1) Fourth Of July
2) Hearing Voices
3) Summertime
4) Don't Let Our Youth Go To Waste
5) Spook
6) When Will You Come Home
7) Sorry
8) Melt Away
9) Listen, The Snow Is Falling
10) Blue Thunder
11) Here She Comes Now

If you're a music historian or prefer your music more off beat than mainstream, you may well like this compilation. The band broke up over creative differences and, to be completely honest, over the lack of monetary support they had from fans. I found it very interesting to watch the various performances of the same songs as the band grew over time. This allowed for some sort of comparison of the material, something not easy to do with their records since they generally took their first take in the studio and pressed it, preferring to keep the raw energy rather than the made for a professionally recorded record. I always had a problem with them since they didn't release their records on CD, preferring the limited press runs of the vinyl they loved.

I'm going to rate this as a Rent It for anyone that isn't familiar with the band's music since it doesn't really follow any sense of rhyme or reason and the various songs here all kept that rough look the band liked, even at really weak venues (the two in the Boston area were not exactly known for breaking big stars if you catch my drift. They were by no means a bad band, just not the polished style of group most of us have come to prefer over the years. There was never a wall of sound or a gimmick hiding their flaws though and that likely appealed to a large portion of their audience. If you like seeing garage bands perform, give this one a look to see their evolution.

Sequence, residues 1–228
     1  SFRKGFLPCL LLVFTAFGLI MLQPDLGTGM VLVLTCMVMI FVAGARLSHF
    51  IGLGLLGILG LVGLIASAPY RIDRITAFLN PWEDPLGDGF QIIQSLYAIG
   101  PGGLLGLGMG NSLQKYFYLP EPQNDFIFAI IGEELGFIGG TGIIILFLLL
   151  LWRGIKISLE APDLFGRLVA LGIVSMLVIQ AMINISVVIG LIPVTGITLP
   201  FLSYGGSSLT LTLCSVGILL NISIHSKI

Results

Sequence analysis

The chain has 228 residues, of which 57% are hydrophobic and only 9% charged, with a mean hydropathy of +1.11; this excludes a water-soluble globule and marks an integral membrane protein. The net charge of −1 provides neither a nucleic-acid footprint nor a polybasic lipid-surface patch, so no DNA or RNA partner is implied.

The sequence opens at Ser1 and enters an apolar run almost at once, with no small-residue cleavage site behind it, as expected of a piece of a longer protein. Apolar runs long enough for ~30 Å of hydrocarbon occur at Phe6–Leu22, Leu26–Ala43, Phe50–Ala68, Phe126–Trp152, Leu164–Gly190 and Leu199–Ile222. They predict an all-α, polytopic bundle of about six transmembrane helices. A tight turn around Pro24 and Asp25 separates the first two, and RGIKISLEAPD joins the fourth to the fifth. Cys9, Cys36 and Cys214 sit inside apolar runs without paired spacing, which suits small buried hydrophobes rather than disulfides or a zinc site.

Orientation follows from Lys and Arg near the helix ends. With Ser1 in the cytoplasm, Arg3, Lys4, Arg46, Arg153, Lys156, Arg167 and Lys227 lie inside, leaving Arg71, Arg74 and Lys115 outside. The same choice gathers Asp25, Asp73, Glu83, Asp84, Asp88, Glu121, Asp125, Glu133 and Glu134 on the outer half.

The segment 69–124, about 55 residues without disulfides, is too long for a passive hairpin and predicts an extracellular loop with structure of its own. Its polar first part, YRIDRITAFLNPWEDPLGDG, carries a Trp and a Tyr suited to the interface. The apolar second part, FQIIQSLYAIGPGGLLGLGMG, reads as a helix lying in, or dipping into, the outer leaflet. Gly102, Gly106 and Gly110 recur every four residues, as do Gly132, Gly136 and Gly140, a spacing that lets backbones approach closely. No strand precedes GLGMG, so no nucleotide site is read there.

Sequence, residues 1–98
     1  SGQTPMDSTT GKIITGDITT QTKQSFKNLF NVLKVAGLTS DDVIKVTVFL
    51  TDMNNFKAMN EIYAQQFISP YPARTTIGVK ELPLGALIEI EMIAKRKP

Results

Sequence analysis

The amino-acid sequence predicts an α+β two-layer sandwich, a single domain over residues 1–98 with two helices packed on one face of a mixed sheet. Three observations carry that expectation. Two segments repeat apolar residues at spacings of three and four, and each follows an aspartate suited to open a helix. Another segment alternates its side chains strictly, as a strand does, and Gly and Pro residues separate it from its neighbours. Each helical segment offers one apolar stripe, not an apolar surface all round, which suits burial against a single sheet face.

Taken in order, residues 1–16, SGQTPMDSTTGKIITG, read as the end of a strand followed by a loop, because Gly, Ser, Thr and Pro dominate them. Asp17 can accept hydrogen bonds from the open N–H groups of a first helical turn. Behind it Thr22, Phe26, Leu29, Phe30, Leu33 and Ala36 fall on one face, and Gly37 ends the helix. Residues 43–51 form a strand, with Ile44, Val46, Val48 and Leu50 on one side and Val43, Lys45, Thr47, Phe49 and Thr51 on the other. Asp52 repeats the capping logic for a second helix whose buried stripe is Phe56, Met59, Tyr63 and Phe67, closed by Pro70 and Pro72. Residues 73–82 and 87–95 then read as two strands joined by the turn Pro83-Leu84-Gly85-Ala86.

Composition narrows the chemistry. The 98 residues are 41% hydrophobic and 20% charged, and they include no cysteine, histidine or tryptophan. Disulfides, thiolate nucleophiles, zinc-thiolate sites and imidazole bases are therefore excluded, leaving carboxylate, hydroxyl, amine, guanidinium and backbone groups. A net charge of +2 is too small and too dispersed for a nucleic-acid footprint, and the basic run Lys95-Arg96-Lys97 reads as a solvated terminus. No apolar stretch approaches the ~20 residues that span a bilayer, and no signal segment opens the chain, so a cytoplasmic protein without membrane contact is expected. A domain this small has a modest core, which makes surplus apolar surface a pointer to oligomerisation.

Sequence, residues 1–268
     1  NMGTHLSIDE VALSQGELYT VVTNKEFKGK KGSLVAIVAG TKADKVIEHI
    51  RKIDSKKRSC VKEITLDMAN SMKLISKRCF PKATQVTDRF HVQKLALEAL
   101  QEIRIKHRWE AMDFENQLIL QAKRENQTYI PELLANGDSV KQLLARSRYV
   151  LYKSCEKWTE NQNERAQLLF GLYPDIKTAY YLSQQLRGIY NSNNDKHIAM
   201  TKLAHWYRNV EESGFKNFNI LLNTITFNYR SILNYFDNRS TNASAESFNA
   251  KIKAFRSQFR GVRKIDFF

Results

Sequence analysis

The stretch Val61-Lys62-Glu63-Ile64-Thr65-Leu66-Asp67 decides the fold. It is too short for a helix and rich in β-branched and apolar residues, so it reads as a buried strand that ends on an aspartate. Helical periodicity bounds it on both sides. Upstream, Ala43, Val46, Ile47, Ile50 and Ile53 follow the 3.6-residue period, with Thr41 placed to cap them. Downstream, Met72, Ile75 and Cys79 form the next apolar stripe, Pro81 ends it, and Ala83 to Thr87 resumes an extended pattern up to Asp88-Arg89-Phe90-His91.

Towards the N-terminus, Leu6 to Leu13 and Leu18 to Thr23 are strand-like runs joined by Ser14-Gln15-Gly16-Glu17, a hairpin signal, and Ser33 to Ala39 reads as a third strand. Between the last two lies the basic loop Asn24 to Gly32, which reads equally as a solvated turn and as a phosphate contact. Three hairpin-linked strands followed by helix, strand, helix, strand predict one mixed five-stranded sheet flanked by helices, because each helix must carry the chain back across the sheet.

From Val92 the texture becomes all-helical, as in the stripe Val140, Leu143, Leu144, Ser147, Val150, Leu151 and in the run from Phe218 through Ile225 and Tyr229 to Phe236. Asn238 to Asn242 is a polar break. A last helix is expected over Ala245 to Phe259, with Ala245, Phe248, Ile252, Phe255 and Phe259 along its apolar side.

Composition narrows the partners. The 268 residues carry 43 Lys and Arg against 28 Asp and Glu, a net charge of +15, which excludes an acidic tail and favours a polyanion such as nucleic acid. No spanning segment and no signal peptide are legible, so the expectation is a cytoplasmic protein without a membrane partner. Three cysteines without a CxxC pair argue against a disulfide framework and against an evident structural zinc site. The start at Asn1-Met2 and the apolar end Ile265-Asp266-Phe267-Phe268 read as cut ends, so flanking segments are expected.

Picture: The picture was presented in the usual 1.33:1 ratio full frame color, as originally shot so long ago. The best looking material here looked like it was recorded with a home videocamera (ask me how I know…) and if you're looking for a perfect picture, keep on looking. There was grain, video noise, color saturation, and a host of flaws you'd expect to see; especially on the bootleg recordings.

Sound: The audio was presented in the usual 2.0 Dolby Digital 2.0 stereo English. Like the picture, the audio was usually limited by the original recordings that were taken under some pretty adverse conditions. The bootleg material was the worst but you won't be applauding the sound but it held up far better than I thought it would considering the venues and limitations of the equipment used to record the sound.

Extras: With nearly four hours of material, there wasn't room for a lot of extras. I'd have preferred something more contemporary but all there is supposed to be is a small, 28-page booklet that had an interview and pictures from the band's earlier days. My copy didn't have the booklet so I have no idea if it's any good.

Final Thoughts: In the subjective world of music, you're not likely to appreciate this band too much unless you have tastes that aren't mirrored by the general public. After all, if the band gained a fair amount of success, you'd have heard of them and given how they quietly slipped off the map, I doubt most readers here have ever seen them (some times I nearly forgot their presence in Boston myself) but I'm glad a band that had some measure of success at influencing other bands is getting a spot in the limelight that they never had while together.